5 Ways to Calibrate Your Laboratory Fume Hood
A fume hood is a valuable piece of safety gear for any laboratory that works with chemicals. The can only do their job with proper use, which requires regular safety checks and calibration to make sure that everything is working properly. Those checks involve making sure that air is flowing properly and that there are no dangerous leaks in the system. There are a few different ways to carry them out, and it’s best for laboratories to do so regularly. In most cases, annual checks combined with additional calibrations after any changes are made to the hood or to the area around it are sufficient.
1- Tracer Gas Test
A tracer gas test is an easy way to make sure that gas can flow out of the fume hood at an appropriate rate. The test begins by placing a diffuser device inside the fume hood. The device releases a specific gas into the system at a standard rate, which is usually four liters per minute. Most of these tests use sulfur hexafluoride for the gas because it is heavier than the air inside the fume hood, but some testers do prefer to use other gases. A vapor analyzer is also placed outside the fume hood where the user’s face would normally be. If the hood works properly, it will vent the gas out of the system without exposing the vapor analyzer to a dangerous dose.
2- Face Velocity Test
This test exists to make sure that air passes out of the front of the fume hood at an appropriate rate. The individual who is testing the system should open the fume hood’s sash and divide the open area into an imaginary grid of rectangles. The tester then uses a velocity probe to measure the rate at which the air is flowing in the middle of each imaginary rectangle. The probe should be used in averaging mode and held in place for at least ten seconds to make sure that each measurement is as accurate as possible. If the air is not flowing at the appropriate rate, or if one part of the hood is losing air at a much greater or lower rate than the others, then the hood likely needs adjustment to ensure that it performs adequately.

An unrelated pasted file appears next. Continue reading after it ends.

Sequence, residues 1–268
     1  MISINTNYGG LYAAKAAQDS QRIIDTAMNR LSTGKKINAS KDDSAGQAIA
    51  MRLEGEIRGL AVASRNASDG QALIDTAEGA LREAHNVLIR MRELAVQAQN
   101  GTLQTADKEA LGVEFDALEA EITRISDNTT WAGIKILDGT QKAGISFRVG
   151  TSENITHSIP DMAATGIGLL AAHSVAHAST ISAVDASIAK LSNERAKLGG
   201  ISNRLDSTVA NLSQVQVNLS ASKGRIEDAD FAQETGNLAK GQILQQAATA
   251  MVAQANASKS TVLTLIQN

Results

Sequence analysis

3- Small Volume Smoke Testing
A visual test offers the easiest way to make sure that air is circulating inside the fume hood at an appropriate rate. A small volume smoke test starts by releasing a small amount of white smoke inside the fume hood, either through a tube/bulb system or through a swab of titanium tetrachloride. The smoke should circulate through the perimeter of the sash without any irregularities. If the flow reverses or shows any other unusual patters within a localized area of the fume hood, then the hood is malfunctioning and needs to be repaired before it can be used. A problem also exists if the smoke escapes from the fume hood and enters the laboratory at any time.
4- Large Volume Smoke Testing
Large volume smoke tests make sure that the fume hood can handle a lot of fumes at the same time. A large amount of smoke gets slowly pumped into the fume hood through a tube, and the tester watches the flow pattern. If any of the smoke escapes into the laboratory during the test without immediately getting sucked back into the hood, the fume hood fails. If the fume hood can handle the constant flow of smoke without losing any smoke to the environment, then it passes the test.
5- Professional Support
Most tests are fairly simple, but the devil is always in the details. Calibrating a fume hood does require some skill, especially after a problem has been detected. In most cases, the easiest way to calibrate the fume hood and be assured of a good result is to call for a professional testing company. They can perform all of the standard tests that indicate if a fume hood needs calibration or not, and then make any necessary changes. They can also provide the special equipment which is necessary for these tests, which is an asset for smaller laboratories. Fume hoods are vital safety tools, so it’s always worth getting it right rather than risking an error.